It’s hard to believe there was ever a time when midcentury design was taken for granted. Ignored. Thankfully, since 2001, the Modernism Show & Sale has ignited the modern aesthetic resurgence by bringing to the Palm Springs Convention Center a jaw-dropping collection of objects, furniture, and art from all over the world and by renowned designers including Baughman, McCobb, Wegner, and Wormley. The show always impresses and often overwhelms: There is so much to see, especially from local vendors.
Take Route 66 West. Lucite and copper vie for space with midcentury art and sculpture, but it’s the Bakelite that inspires a fandom bordering on obsession.
Invented by Leo Baekeland in New York in 1907, Bakelite was a mistake (Baekeland was trying to create a new kind of shellac for wood), but an immediate hit. Moldable, durable, and easily mass-produced, this thermosetting phenol formaldehyde resin became commonplace in kitchenware, radios, telephones, toys, and, especially, jewelry.
Affordable elegance, created in a laboratory and produced from the early 1920s until well after World War II was exactly the thing for those who could not afford diamonds, gold, or rubies. Bakelite was young, fun, and unselfconsciously stylish. It made regular appearances in the works of artists as varied as clothing designer Elsa Schiaparelli and furniture designer Paul Frankl, and it’s hard to imagine the clothes of Coco Chanel without her signature Bakelite bracelets.
The zenith of Bakelite was indisputably the 1930s, but it was quickly usurped by even less expensive and more durable plastics and moldable man-made materials. But in becoming rare and increasingly hard to find, Bakelite entered an era of appreciation that it previously had been denied. Even Coco Chanel had dismissed her Bakelite as “costume jewelry” — but with time and with hindsight, Bakelite was recognized as unique, special, and more than simply decorative.
“That’s because it’s design,” says Matt Burkholz, owner of Route 66 West in Palm Springs and author of The Bakelite Collection. “Not decoration. Moreover, wearing Bakelite is knowledge of design. When you say Bakelite looks ‘smart’ you are acknowledging this.” One of a generation of design enthusiasts who turned his passion into scholarship, Burkholz shouted out for Bakelite and other mass-produced plastic jewelry for years until people sat up and paid attention.
We remain smitten. Bakelite shows up in new places, vintage-made-new, and rediscovered by a new generation of designers and collectors.
Bakelite is but one example of something commonplace and midcentury becoming something collectible and worthy of celebration.
“The trick, which really isn’t a trick at all, is discernment,” says James Claude of a La MOD, and he should know; after more than 20 years in Palm Springs, he and his husband, Miguel Linares, an architect, know the difference between the good from the so-so, and their store is magical.
“We owe most of that to our clients, brilliant people who keep us on our toes.” Claude and Linares take delight in knowing not just the provenance of their wares, but the stories behind them and why they’re important. “A good designer knows not only what their client wants, but also what they need to know,” Claude says.
Similarly, John Gilmer at Porter & Plunk brings his experience and expertise to the business of design, and he is unlike anyone else. After founding his namesake architectural firm, Gilmer capitalized on his interest in furniture and antiques by creating Porter & Plunk in 2004, an online store with a smart collection of works by notable designers such as Tommi Partzinger, Karl Springer, Milo Baughman, and Paul Laszlo.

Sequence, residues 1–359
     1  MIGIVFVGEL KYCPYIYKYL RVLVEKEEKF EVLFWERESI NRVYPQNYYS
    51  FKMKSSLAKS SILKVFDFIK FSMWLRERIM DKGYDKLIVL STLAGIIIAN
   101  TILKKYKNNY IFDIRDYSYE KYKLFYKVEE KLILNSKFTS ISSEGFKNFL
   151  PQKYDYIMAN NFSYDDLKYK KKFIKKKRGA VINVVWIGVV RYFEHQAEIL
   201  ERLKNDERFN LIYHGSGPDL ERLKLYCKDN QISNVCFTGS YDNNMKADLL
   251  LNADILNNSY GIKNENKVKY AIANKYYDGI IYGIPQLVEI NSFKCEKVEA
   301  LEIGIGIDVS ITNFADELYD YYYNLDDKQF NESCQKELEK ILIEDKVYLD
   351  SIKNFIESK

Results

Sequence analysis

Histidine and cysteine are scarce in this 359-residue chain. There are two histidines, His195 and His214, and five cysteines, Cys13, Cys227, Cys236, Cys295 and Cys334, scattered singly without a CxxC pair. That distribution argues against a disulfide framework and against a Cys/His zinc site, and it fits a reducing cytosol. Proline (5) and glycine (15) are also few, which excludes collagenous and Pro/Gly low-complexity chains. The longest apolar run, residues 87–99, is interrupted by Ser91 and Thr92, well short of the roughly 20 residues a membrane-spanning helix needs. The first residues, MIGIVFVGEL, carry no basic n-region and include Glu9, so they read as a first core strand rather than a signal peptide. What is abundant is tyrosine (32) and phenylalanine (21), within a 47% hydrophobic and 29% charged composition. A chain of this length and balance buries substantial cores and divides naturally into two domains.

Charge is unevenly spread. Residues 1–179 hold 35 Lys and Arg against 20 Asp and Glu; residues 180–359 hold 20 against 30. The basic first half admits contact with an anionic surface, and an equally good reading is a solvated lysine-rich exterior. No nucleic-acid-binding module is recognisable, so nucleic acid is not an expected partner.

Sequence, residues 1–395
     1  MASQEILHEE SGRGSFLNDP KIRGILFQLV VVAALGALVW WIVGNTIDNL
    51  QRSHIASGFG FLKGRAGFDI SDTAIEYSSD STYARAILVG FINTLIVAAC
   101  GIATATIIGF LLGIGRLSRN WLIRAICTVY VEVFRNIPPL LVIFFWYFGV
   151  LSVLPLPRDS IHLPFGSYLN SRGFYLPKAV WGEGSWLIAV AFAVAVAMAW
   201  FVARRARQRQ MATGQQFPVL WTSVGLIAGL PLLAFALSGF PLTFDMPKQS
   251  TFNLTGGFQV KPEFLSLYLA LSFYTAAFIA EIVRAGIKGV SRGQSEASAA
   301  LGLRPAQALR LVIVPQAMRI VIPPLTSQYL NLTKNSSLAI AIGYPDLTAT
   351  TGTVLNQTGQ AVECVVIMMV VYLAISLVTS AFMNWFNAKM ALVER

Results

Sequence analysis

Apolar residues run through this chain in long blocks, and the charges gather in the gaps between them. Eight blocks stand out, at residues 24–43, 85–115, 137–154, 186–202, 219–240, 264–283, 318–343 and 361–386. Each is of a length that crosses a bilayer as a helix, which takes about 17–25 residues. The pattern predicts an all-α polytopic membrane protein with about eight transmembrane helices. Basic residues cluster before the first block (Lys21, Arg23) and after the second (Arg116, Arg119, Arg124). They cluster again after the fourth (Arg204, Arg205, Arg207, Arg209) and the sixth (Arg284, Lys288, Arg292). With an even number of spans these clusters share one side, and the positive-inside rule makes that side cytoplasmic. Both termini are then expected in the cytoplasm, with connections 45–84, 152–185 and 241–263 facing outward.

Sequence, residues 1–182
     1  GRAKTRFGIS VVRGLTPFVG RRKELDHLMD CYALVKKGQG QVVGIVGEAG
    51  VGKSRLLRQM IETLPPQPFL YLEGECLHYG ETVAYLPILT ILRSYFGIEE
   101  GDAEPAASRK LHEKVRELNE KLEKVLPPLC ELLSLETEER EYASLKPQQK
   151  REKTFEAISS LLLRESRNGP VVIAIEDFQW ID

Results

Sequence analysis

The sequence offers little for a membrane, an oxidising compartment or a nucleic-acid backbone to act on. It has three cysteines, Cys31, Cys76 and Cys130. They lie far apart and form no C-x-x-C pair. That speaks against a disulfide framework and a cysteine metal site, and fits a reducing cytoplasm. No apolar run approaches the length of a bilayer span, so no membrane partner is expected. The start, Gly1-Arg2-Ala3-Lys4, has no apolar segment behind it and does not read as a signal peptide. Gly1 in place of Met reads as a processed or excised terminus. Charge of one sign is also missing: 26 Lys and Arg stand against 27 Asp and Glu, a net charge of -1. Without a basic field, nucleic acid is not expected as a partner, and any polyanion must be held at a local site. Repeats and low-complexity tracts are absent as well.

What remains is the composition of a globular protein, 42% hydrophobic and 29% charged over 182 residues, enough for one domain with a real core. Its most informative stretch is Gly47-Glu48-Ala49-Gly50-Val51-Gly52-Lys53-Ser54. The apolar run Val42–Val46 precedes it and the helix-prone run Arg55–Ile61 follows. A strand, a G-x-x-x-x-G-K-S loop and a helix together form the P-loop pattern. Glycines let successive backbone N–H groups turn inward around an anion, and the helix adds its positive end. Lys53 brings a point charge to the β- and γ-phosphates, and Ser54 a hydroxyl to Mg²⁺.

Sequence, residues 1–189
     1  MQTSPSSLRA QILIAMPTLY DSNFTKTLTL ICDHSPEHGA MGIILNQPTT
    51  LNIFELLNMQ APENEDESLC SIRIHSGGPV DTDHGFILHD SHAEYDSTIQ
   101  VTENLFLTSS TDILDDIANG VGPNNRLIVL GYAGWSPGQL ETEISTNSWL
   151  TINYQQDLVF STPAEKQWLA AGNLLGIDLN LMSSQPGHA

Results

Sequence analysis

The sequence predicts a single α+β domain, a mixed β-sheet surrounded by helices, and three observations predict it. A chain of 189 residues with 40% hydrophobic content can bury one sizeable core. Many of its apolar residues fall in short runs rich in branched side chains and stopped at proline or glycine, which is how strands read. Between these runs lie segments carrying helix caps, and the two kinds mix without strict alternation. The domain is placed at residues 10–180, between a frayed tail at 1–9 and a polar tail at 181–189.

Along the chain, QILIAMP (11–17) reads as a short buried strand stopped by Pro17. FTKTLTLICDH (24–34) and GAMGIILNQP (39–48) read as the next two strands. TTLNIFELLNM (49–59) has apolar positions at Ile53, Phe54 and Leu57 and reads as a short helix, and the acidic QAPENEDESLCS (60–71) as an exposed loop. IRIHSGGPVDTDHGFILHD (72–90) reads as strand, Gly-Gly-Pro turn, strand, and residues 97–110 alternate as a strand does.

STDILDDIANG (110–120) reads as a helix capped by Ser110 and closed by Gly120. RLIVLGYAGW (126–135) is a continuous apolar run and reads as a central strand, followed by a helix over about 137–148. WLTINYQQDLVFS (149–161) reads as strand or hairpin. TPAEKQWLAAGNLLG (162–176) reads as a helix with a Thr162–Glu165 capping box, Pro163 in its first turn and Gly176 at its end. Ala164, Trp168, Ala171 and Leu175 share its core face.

“Designers evolve over their careers,” Gilmer says, “and those of us who love and appreciate their work evolve and grow, too. Every year Modernism Week gets bigger, we all see that — but every year it gets smarter, the audience is smarter.”
Intellectualism never gets the better of passion at Christopher Anthony Ltd. Owners Tim Prendergast and Chris Mizeski proudly display objects, furnishings, and art they love.
“We could never sell things that didn’t grab our attention and hold it,” says Prendergast.
Blood and guts, heart and soul — whatever it is, when you walk into Christopher Anthony Ltd. you feel it. Stepping down into the shop on North Palm Canyon Drive in Palm Springs, you notice nothing is cluttered or thoughtlessly displayed; your eye lingers, moves on, moves back, and appreciates.
A Rauschenberg chair sits proudly next to a fine English Regency bureau; sculptures and paintings by contemporary artists render each lamp, figurine, and table distinctive.
Longtime Modernism Show & Sale vendors Betty and Ed Koren have taken the art of display to exciting heights with their enormous new space on North Indian Canyon in Palm Springs. Formerly the Party Lab space, Palm Springs Art + Design Gallery (also known as the Koren Gallery and Bridges Over Time) is a worthy retail expansion of the ideas fostered at the Palm Springs Museum Architecture and Design Center.
From front to back, no-longer-produced midcentury and other designer furniture and objects are presented with contemplative space. But the atmosphere is not stuffy — the Korens take entirely too much joy in their endeavor for that.
“Nothing in here is normal,” laughs Betty. “We like individual, unique items. And people.”
“We always loved showing at the Modernism Show,” Ed says. “And after 12 years of doing so, we felt more and more like Palm Springs was home … ”
Today Palm Springs thrives with a concentration of design professionals who have created an entire midcentury movement with only their knowledge and good taste.
And we get to share it.
Route 66 West
465 N. Palm Canyon Drive, Palm Springs
a La MOD
844 N. Palm Canyon Drive, Palm Springs
Porter & Plunk
Christopher Anthony Ltd.
800 N. Palm Canyon Drive, Palm Springs
Palm Springs Art + Design Gallery
383 N. Indian Canyon Road, Palm Springs